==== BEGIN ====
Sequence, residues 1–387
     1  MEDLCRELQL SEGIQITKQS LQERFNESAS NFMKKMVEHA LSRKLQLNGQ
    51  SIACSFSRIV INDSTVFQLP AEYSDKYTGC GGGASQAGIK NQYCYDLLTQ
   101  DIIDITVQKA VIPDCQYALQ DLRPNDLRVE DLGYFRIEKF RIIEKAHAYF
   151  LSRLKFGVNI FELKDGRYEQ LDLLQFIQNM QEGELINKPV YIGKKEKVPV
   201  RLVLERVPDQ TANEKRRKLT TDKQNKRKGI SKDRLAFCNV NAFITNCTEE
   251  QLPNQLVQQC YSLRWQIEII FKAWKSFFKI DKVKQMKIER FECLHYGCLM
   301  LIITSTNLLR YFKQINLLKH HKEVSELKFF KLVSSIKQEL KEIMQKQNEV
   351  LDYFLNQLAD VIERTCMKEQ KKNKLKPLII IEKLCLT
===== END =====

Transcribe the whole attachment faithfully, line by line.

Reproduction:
Sequence, residues 1–387
     1  MEDLCRELQL SEGIQITKQS LQERFNESAS NFMKKMVEHA LSRKLQLNGQ
    51  SIACSFSRIV INDSTVFQLP AEYSDKYTGC GGGASQAGIK NQYCYDLLTQ
   101  DIIDITVQKA VIPDCQYALQ DLRPNDLRVE DLGYFRIEKF RIIEKAHAYF
   151  LSRLKFGVNI FELKDGRYEQ LDLLQFIQNM QEGELINKPV YIGKKEKVPV
   201  RLVLERVPDQ TANEKRRKLT TDKQNKRKGI SKDRLAFCNV NAFITNCTEE
   251  QLPNQLVQQC YSLRWQIEII FKAWKSFFKI DKVKQMKIER FECLHYGCLM
   301  LIITSTNLLR YFKQINLLKH HKEVSELKFF KLVSSIKQEL KEIMQKQNEV
   351  LDYFLNQLAD VIERTCMKEQ KKNKLKPLII IEKLCLT